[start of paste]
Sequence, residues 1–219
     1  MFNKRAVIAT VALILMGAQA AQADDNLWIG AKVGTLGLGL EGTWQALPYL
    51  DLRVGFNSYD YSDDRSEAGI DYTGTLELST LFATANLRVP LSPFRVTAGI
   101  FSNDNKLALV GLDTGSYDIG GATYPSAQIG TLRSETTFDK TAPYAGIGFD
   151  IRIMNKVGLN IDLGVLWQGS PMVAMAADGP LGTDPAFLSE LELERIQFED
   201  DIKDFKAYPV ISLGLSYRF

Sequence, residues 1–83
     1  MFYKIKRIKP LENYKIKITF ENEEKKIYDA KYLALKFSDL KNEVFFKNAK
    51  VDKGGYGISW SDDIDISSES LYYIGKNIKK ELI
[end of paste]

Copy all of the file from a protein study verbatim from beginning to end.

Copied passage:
Sequence, residues 1–219
     1  MFNKRAVIAT VALILMGAQA AQADDNLWIG AKVGTLGLGL EGTWQALPYL
    51  DLRVGFNSYD YSDDRSEAGI DYTGTLELST LFATANLRVP LSPFRVTAGI
   101  FSNDNKLALV GLDTGSYDIG GATYPSAQIG TLRSETTFDK TAPYAGIGFD
   151  IRIMNKVGLN IDLGVLWQGS PMVAMAADGP LGTDPAFLSE LELERIQFED
   201  DIKDFKAYPV ISLGLSYRF

Sequence, residues 1–83
     1  MFYKIKRIKP LENYKIKITF ENEEKKIYDA KYLALKFSDL KNEVFFKNAK
    51  VDKGGYGISW SDDIDISSES LYYIGKNIKK ELI